Nagoya Castle

Castle associated with Ieyasu Tokugawa

Nagoya Castle  is said to have been built by Tokugawa Ieyasu for his ninth son, Yoshinao, and is located in present-day Nagoya City. It used to be called “Nakono Castle” and Nobunaga Oda was born in this castle.

The young Nobunaga lived there as the lord of the castle, but it was abandoned in 1555. The castle was built by the master builder Kiyomasa Kato, who was deeply involved in its construction.

Nagoya is one of the most famous sightseeing spots in Japan.

I’m sure many people would name the golden orca, Nagoya Castle, as one of the representative tourist attractions of Nagoya. Nagoya Castle is characterized by its large scale, and boasts the top level of luxury and solidity in all aspects of the castle in Japan. This is because Ieyasu Tokugawa wanted to show off the power of the Tokugawa family.

The origins of Nagoya Castle

Nakono Castle was located in what is now the area between Ninomaru and Minomaru. Originally the home of the Owari Imagawa clan, it was taken by Nobuhide, Nobunaga’s father, through a conspiracy, and the young Nobunaga was made lord of the castle, which remained his home until he moved to Kiyosu Castle. After the castle was abandoned, it became a wasteland, and there is a legend that it was used for falconry, and Tokugawa Ieyasu was the one who noticed the wasteland.

Because the castle was incorporated into the fortifications of Nagoya Castle, few remains remain, and today there is only a monument in the Ninomaru area to show that Nakono Castle once stood there.

Kato Kiyomasa

Kiyomasa Kato and Nagoya Castle

The work of famous warlords contributed to the success of this stone wall, but the work of Kato Kiyomasa is said to have been particularly outstanding. The legend of the “Kiyomasa Stone” is particularly famous, and it is said that Kiyomasa himself carried the stone. It is said that he himself came forward to build the stone wall that would be the keystone of the castle, which shows the manliness of Kiyomasa. Thanks to the work of such warlords, most of the main buildings that make up Nagoya Castle were completed in just three years from the completion of the stone walls.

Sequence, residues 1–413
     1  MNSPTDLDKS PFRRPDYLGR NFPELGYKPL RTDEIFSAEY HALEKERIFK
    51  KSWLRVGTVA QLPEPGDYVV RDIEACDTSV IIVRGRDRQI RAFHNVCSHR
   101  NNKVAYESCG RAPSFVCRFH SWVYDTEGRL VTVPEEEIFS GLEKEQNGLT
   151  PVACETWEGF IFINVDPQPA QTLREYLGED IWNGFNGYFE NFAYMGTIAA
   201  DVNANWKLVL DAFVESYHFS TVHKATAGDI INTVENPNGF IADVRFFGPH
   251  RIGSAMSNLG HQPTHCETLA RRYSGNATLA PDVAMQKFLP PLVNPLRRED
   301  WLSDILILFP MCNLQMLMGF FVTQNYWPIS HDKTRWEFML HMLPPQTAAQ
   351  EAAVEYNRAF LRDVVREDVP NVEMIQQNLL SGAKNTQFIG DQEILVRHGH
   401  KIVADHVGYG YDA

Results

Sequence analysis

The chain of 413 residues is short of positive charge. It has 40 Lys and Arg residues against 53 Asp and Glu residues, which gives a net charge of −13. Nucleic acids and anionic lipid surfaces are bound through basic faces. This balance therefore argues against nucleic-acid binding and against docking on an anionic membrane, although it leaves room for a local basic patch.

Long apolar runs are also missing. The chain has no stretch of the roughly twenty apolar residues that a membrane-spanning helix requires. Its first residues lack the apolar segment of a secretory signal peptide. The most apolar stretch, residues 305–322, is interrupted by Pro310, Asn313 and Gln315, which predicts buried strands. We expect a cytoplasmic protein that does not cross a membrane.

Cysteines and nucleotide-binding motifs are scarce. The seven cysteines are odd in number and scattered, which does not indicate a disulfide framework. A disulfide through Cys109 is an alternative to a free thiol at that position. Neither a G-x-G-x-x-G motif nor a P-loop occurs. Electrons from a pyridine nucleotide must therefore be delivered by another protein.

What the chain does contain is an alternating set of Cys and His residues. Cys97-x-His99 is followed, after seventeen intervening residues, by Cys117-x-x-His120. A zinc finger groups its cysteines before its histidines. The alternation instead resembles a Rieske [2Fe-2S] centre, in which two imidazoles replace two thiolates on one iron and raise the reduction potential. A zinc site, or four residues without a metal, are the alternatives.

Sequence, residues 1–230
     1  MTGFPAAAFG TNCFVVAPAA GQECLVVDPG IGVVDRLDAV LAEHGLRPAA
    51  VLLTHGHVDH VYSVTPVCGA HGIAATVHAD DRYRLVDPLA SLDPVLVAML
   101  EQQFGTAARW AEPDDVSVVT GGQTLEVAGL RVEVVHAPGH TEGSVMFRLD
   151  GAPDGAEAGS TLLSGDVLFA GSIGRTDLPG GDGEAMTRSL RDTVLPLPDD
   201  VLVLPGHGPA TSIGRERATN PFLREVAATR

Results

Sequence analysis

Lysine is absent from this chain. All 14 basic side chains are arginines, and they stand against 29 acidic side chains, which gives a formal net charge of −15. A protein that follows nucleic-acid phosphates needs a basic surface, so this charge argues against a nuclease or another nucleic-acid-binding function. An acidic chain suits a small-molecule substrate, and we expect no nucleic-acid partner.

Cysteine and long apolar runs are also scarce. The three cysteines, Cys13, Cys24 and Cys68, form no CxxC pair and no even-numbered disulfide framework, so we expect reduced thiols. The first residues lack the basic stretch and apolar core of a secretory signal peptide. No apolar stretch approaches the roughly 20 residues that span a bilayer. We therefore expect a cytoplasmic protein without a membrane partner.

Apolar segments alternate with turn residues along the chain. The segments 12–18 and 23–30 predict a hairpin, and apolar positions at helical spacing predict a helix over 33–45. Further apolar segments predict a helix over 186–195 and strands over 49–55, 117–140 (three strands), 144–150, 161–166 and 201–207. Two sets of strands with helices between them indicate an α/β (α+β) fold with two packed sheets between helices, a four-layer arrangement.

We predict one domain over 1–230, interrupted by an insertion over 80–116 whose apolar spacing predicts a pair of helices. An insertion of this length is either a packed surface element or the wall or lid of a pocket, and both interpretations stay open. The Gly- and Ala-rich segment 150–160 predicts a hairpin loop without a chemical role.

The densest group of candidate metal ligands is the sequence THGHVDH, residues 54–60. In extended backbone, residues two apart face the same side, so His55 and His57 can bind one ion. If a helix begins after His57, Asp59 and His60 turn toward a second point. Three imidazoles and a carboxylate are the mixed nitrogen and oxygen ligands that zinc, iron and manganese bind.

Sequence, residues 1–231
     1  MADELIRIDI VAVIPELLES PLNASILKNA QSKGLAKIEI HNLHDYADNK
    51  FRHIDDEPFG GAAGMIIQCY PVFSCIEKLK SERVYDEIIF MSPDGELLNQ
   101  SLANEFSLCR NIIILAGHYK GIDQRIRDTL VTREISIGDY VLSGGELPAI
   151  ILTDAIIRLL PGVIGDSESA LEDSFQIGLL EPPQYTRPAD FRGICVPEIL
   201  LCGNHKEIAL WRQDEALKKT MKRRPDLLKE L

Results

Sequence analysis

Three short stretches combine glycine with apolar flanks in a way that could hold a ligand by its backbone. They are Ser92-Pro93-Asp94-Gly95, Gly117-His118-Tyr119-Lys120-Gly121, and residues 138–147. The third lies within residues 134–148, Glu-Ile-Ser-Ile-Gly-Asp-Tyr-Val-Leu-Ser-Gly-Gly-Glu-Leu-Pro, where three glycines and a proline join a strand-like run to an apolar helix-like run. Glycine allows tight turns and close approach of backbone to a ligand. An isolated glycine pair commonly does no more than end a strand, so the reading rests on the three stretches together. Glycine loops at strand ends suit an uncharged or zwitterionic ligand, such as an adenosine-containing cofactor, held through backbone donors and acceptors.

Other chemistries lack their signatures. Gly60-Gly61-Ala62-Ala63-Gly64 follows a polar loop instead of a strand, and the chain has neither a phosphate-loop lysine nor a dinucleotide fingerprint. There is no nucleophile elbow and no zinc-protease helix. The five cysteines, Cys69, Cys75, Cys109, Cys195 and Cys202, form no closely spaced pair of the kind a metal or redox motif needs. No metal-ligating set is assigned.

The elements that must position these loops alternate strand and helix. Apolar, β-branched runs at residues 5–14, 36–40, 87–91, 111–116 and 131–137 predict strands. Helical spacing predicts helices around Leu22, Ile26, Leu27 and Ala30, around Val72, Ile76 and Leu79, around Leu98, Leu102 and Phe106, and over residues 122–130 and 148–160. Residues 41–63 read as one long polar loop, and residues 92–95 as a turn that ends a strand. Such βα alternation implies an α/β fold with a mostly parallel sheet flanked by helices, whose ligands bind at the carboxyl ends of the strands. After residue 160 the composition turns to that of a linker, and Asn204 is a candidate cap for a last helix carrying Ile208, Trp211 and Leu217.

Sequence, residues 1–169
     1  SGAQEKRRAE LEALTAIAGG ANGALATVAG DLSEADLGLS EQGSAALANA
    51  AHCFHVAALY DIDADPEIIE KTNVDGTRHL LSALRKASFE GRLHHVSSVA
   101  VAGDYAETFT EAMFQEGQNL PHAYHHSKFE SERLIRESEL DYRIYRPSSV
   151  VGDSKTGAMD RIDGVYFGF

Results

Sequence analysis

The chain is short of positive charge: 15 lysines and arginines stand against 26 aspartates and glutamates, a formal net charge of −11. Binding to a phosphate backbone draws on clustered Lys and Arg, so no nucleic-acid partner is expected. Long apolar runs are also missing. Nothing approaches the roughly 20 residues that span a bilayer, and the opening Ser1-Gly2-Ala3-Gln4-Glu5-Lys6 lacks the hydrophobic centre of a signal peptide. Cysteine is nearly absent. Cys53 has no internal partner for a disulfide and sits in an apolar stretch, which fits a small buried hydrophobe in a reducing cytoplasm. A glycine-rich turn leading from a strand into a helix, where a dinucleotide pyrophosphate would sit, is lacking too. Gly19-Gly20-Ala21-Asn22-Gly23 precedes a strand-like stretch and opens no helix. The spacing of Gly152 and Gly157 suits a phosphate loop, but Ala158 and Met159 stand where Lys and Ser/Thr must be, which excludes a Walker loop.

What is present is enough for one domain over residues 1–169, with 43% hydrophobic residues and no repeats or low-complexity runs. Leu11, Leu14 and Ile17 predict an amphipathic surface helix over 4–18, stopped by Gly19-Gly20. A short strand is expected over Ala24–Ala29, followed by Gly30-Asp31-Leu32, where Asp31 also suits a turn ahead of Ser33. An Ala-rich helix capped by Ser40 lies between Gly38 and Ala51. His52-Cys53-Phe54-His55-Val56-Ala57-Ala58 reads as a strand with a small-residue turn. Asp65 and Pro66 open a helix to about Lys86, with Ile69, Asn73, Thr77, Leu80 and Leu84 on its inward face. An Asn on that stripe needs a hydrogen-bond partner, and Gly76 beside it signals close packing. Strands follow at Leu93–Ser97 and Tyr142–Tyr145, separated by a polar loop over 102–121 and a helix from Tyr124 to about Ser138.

What do you think of Nagoya Castle?

It is no exaggeration to say that Nagoya Castle is now a symbol of Nagoya City, with many people thinking of the “golden orca”.

In fact, there have been several theft attempts, and in the Edo period (1603-1867), legend has it that a man rode a kite up to the orcas and succeeded in stealing them. In reality, he broke in through a storehouse, escaped by boat, and was later caught and put to death, but the story of him stealing the orca with a kite was greatly adapted and even incorporated into a Kabuki play.

Nagoya Castle Highlights

Honmaru Palace

Built to the highest architectural standards of the time, this special pavilion was used only when the Shogun made his way to Kyoto. It is no exaggeration to say that the Kamarakuden, with its abundant use of gold leaf and sliding door paintings by famous painters, is the epitome of luxury.

Nagoya Castle was built during the Pacific War.

Nagoya Castle was destroyed in an air raid on Nagoya at the end of the Pacific War, when the castle tower, Honmaru, and most of the other buildings were hit by incendiary bombs and burned down. During the war, the orchids and barrier paintings were removed and evacuated, but valuable heritage was lost. The Honmaru Goten and the castle tower were restored in 1959 with the help of local people and donations from all over Japan, and the Honmaru Goten is still under restoration work, with completion scheduled for 2018.

The restoration of the Honmaru Palace is open to the public. Visitors can see the crater scene of over 300 year-old cypress trees and other materials being worked on and inked.

Don’t just look at the prominent main keep!

The castle’s stunning presence tends to draw attention only to the main keep, but in fact, this keep is a restored reinforced concrete building and is not a historical structure. Since you are visiting Nagoya Castle, you should see the huge turrets that still exist, such as the northwest corner turret, southeast corner turret and southwest corner turret.

Here’s what the inside of the keep looks like